HealthDay News — For individuals with normal fasting glucose but not those with impaired fasting glucose (IFG), a higher number of ideal cardiovascular health (CVH) components correlates with a lower risk for diabetes, according to a study published online Jan 15 in Diabetologia.
Joshua J. Joseph, MD, from The Ohio State University Wexner Medical Center in Columbus, and colleagues conducted a secondary data analysis in the Reasons for Geographic and Racial Differences in Stroke study. Incident diabetes was assessed among 7758 participants without diabetes in 2003 to 2007; participants were followed for 9.5 years. Participants were characterized based on the number of ideal CVH components 0 to 1, 2 to 3, and 4 or more).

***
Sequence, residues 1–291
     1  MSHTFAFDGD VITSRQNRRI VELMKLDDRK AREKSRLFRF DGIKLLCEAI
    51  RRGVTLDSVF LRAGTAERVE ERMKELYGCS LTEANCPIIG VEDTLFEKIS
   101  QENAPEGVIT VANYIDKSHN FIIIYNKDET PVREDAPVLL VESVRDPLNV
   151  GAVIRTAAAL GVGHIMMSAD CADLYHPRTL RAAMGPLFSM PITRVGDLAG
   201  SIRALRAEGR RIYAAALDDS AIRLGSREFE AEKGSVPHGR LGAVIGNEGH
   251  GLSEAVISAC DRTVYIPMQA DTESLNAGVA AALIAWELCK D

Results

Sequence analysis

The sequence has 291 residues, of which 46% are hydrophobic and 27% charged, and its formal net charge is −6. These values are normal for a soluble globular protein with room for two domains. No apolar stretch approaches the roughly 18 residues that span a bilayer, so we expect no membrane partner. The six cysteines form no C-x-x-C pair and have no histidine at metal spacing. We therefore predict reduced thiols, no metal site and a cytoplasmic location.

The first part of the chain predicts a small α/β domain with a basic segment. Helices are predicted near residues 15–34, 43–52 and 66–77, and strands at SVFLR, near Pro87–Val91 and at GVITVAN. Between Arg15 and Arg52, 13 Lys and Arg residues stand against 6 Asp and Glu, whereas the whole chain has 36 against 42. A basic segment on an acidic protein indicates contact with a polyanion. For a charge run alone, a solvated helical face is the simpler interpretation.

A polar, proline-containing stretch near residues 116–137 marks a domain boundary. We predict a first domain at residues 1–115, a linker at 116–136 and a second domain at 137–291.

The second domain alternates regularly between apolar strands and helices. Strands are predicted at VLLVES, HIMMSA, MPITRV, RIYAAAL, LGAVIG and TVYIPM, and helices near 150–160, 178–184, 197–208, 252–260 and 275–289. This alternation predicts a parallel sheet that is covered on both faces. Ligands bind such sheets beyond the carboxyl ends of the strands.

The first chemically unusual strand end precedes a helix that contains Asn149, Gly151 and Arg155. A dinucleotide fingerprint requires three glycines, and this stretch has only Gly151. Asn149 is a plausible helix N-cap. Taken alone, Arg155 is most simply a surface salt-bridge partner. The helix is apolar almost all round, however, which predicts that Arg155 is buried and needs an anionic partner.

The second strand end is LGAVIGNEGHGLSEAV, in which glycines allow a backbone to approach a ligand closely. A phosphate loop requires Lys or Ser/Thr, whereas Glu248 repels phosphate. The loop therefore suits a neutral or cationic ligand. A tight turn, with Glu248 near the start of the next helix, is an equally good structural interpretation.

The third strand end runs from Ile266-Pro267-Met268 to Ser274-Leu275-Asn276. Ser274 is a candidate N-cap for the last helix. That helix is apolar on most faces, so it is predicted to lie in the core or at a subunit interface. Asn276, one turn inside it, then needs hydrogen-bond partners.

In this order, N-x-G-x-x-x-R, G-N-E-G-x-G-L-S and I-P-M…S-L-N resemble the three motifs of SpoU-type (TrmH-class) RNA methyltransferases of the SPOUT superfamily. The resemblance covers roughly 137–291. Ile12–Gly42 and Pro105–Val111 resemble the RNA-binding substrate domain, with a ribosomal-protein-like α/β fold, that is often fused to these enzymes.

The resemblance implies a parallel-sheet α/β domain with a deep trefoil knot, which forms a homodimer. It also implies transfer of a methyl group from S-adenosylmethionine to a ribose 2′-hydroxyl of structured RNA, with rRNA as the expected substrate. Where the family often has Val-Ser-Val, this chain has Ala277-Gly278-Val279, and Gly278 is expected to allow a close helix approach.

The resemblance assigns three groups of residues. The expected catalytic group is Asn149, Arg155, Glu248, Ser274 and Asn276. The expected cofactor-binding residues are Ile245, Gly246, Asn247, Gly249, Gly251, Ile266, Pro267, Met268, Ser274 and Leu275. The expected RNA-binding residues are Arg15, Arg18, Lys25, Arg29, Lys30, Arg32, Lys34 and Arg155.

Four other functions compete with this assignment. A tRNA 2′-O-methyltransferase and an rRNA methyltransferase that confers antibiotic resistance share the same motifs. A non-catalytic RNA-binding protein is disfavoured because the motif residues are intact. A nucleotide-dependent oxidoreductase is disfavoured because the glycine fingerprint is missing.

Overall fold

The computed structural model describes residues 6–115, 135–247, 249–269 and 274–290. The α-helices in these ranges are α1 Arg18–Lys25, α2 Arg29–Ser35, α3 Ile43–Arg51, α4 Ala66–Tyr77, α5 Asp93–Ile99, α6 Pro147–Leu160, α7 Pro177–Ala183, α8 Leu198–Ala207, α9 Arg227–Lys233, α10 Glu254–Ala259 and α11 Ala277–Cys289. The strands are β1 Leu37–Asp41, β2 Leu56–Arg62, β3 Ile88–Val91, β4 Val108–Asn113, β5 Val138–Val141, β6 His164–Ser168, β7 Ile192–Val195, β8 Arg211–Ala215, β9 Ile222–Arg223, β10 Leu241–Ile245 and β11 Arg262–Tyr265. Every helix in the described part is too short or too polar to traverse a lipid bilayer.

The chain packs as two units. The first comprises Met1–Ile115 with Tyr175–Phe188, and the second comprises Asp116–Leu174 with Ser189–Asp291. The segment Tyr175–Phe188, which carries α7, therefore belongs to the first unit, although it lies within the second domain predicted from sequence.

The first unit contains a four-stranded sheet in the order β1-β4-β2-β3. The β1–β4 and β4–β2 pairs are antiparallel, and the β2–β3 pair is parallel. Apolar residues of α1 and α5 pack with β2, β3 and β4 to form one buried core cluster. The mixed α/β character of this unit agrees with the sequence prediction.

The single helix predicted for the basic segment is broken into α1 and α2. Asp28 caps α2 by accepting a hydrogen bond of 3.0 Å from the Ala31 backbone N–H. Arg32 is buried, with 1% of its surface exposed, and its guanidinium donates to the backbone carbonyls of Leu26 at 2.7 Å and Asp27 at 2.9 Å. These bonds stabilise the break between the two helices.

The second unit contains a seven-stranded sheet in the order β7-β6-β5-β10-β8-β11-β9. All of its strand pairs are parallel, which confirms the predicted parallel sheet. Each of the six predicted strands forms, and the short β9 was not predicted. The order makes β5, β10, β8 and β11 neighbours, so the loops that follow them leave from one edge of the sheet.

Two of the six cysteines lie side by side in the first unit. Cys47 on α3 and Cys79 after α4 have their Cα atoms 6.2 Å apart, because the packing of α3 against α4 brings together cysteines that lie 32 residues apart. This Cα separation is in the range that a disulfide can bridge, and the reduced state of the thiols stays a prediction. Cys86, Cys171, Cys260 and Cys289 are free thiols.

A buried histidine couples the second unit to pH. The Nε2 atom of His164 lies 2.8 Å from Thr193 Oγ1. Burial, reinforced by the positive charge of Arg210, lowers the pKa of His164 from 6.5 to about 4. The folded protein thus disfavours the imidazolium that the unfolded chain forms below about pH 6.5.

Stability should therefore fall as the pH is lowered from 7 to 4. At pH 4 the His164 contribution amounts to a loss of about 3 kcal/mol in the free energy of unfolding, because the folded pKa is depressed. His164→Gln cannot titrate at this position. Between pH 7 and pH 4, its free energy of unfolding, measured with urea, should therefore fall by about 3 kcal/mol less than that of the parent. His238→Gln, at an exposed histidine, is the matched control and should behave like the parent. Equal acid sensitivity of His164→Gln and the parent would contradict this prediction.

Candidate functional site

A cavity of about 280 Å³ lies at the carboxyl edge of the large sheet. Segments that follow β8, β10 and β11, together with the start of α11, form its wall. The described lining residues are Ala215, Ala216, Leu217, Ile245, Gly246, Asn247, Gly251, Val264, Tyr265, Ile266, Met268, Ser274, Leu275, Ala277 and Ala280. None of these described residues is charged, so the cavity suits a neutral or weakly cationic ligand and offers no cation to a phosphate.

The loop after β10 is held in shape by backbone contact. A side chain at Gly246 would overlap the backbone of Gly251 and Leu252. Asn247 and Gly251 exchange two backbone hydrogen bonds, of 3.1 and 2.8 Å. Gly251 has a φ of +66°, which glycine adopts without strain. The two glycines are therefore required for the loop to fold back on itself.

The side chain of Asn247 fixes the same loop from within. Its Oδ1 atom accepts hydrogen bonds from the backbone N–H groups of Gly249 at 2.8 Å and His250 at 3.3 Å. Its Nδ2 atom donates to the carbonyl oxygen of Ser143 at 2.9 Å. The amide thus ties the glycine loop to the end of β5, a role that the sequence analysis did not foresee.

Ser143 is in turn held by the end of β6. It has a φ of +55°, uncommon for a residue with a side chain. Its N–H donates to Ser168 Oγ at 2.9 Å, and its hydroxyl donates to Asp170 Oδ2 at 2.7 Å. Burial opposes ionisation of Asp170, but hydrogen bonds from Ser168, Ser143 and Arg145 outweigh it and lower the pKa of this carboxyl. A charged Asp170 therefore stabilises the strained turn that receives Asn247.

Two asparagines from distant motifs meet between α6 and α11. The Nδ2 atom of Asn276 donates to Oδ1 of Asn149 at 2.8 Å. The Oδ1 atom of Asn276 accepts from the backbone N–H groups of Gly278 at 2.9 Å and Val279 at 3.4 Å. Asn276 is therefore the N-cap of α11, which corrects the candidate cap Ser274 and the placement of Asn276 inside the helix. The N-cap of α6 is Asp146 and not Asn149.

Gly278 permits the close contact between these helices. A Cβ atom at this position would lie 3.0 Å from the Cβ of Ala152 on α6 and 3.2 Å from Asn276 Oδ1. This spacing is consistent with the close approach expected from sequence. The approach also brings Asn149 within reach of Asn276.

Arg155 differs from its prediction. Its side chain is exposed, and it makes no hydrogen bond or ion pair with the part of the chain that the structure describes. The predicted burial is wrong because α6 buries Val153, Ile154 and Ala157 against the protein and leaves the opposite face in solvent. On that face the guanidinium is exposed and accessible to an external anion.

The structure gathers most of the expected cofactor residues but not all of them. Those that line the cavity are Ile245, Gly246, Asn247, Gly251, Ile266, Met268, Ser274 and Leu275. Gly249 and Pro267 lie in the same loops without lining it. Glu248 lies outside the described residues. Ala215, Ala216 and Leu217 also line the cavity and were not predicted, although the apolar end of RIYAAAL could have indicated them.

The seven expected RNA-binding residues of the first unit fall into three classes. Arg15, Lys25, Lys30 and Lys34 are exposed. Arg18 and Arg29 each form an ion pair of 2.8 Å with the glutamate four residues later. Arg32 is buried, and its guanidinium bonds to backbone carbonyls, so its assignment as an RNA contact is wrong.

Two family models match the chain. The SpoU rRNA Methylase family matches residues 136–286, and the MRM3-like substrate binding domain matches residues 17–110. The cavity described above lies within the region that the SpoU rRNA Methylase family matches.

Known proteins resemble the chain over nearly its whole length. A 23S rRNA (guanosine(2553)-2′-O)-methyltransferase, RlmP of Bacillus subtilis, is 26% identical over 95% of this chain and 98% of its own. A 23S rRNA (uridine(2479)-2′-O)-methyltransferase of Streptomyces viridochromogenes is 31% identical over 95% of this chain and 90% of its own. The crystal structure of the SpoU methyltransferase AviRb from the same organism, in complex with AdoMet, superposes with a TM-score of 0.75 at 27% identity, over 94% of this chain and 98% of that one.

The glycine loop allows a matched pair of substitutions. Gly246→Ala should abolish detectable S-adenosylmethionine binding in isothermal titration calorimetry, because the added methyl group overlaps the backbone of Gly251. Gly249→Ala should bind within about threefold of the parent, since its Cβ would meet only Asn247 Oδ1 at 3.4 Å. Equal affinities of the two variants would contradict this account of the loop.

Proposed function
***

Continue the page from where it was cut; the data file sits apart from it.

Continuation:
The researchers identified 891 incident diabetes cases. For participants with 4 or more vs 0 to 1 ideal CVH components, the risk was reduced significantly among those with normal fasting glucose (risk ratio, 0.20; 9% confidence interval, 0.10 to 0.37) and reduced nonsignificantly with baseline IFG (risk ratio, 0.87; 95% confidence interval, 0.58 to 1.30). Compared with African-Americans, white participants had a stronger magnitude for the association between ideal CVH components and lower diabetes risk (P=.0338).
“The lower magnitude of risk reduction with ideal CVH among those with IFG warrants further investigation and suggests this group requires higher intensity interventions to lower long-term diabetes risk,” the authors write.
Two authors disclosed financial ties to Amgen.